Mason is trying to warn me of something, but the shaping of words seems to have become unfamiliar in his deep slumber spread across the filaments of my mind. He is trying to say a name to me, whispering from within. His or mine, I don’t know but there is a heart beating skittish and fast.
We have been talking for some length of time, she has been talking, and I have been unable to register but small fragments. “He always claimed there was this thing that he was chasing after, trying to catch and something hanging behind him in its own chase. He told me once, he was lost on something or other so he talked a little, more to get the fear out from his system. He said he wasn’t sure sometimes if maybe one was just the reflection of the other. He said there was a name. He tried to say it was just some kind of disembodied tonal phantom, but that’s shit. He would have nights where he couldn’t be alone. Not about sex or anything…his eyes would water in mid-sentence.” And her eyes are watering and I can tell that Mason is cowering somewhere behind me, closer.
People might think you’re making contact when you’re up there playing your whole breath, finding your heart in your lungs and jetting it out, but if that was really the case, then you’d be able to stop and stopping wouldn’t be such a failure. Like an arrow after a target that’s always just ahead and never has to stop like the arrow. You might think, Cynthia might have said, Well, at least you don’t lose that target forever when your arrow slides into the grass and at least the flight of that projectile is something to moon over. But, if that were only peace… to always feel that thing that you can’t get to is always out there in the periphery…to always want to chase it, like Charlie Parker chasin’ his own Bird… and to always know that you can’t ever touch it and you can’t ever rid yourself of it… because it’s not like it didn’t come from you…to see something beautiful and bleary in the one mirror you can never touch and double fingers against.
I don’t know any terms to put this in but—I don’t know how, but I can feel Mason trying… to have arms around me. From inside.
I am not aware of the decision, but I have just asked her to watch a home video of us as children. And her eyes are watering as they were when we watched Mason blow his heart out that night. And there is a heart rate’s racing and he’s shouting sounds at me—did you do that?—and she’s laced her fingers through my hand, her palm is moist or mine is, the feeling seems familiar. She has taken the State I am in like half of me were dead. She is crying and maybe thinking she is sharing something with me.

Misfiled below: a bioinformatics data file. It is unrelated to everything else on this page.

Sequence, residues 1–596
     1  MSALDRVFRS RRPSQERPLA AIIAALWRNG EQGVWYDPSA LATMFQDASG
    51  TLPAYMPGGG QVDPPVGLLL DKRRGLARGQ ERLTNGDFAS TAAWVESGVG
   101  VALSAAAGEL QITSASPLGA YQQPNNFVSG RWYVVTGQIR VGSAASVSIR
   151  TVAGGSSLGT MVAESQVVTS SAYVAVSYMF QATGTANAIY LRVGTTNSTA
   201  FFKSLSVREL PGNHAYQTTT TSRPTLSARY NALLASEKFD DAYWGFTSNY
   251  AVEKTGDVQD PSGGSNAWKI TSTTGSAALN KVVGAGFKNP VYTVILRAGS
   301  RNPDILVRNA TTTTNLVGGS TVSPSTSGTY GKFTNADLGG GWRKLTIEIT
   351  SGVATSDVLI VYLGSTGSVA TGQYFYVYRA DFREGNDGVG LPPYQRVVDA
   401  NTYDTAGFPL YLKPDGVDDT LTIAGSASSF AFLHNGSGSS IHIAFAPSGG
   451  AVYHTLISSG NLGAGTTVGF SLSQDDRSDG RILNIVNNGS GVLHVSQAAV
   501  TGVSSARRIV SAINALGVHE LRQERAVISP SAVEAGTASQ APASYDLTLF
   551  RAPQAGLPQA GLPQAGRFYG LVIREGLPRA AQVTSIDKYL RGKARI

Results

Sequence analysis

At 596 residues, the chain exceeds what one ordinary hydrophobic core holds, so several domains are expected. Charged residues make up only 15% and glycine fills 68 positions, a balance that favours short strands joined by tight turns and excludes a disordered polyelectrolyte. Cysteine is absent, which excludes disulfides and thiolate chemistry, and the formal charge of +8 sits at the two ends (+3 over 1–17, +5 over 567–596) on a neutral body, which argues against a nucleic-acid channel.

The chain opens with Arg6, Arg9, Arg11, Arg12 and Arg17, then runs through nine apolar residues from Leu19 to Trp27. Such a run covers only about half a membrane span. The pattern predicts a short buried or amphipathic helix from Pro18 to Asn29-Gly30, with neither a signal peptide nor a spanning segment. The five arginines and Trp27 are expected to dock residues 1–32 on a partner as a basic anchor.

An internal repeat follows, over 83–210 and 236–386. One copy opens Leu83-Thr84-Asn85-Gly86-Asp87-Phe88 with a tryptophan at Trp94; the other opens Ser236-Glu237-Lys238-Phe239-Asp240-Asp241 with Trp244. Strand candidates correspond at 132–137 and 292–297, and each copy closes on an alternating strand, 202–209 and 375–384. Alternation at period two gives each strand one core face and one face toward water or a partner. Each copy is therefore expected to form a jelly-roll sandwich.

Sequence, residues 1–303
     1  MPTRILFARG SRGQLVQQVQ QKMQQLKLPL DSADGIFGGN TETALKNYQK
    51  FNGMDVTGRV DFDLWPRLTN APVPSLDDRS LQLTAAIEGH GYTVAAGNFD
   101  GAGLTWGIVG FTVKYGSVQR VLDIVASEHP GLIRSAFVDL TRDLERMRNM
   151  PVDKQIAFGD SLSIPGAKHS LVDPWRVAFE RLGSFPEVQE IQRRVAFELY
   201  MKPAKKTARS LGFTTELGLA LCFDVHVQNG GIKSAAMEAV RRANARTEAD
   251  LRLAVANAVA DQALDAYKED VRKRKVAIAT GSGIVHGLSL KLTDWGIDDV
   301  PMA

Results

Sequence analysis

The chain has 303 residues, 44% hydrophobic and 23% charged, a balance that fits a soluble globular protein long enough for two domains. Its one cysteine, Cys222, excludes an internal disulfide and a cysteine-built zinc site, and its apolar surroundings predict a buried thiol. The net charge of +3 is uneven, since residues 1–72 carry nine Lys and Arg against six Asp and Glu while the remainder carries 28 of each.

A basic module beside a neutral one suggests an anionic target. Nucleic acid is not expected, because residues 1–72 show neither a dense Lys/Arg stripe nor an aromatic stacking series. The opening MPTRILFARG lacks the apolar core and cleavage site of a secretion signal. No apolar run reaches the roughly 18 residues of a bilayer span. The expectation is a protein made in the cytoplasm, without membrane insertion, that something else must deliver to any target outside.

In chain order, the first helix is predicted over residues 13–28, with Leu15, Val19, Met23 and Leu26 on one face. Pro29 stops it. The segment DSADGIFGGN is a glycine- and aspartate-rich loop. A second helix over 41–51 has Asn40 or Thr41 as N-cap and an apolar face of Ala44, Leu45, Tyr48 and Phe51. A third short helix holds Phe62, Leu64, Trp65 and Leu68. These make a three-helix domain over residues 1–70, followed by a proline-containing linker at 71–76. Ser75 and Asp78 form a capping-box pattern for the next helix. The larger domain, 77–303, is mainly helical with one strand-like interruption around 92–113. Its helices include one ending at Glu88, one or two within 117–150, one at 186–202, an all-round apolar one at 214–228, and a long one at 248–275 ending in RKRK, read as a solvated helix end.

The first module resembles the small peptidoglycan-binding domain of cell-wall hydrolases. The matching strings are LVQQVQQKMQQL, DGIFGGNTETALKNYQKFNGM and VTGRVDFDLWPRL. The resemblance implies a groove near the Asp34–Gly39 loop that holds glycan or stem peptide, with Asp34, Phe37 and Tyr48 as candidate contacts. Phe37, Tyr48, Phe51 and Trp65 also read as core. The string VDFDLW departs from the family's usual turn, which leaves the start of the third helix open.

And then I am witnessing my left foot stepping towards the television, sliding a tape into the VCR and falling back into the couch. She has composed herself to some extent, a last finger fixing hair behind her ears.
In television, we two brothers come into focus and we are hammering in the last stakes into a tent. I have begun talking, but I am not talking. Mason is trying to whisper a name into my ear if he could just think of it right. It is then that I can first perceive this other intentionality in the shadows of my mind. He is talking to her, she wants to know about piano, how ‘I’ played it. I cannot understand the words of His response.
On the television screen, at least, there are the two of us there, talking to each other in lowered voices. Mason is loosening his shoes, unzipping the door. This girl and I are still talking and my brother is shaking somewhere behind my eye. I try to concentrate upon the video. It was more than compatibility. We aren’t talking, and our parents filming respect that. There is just the background conversation bleeding in here and there. Cynthia is smiling when she is not being spoken to.
In the television, the two of us are pushing our shoes under the tent and there is a cut on Mason’s finger, a small spot of blood.
I reach out to see how deep it is and feel it to be only the red mud from the dirt around there. Mason laughs at me and then I am laughing with him. As we crawl into the tent, zip up, the noise seems to settle down. We lie down. We curl up against one another, close our eyes. I curl up against my brother, close my eyes. From outside the tent somewhere, I can hear a girl asking a boy if he’d play something on the piano, it’s just over there? Mason shifts his back, readjusts. I hear someone familiar tell a girl He doesn’t know any songs to play. Mason’s breathing falls into intervals of regularity and I put my arms around him as I loosen myself to sleep.
As the sun begins to rise over the Schuylkill and the air begins to warm, Fiona finishes the last laminated page with such a sincere pain, a pain of the organs, as though her innards wear a poisoned glove, of empathy that she feels nearly sick, she looks up, having just then fallen in love, to see Clay weeping silently, for whom, in so many of his hours, the world is a miasma of filtered sighs, the sounds of bodies rolling in their sleep.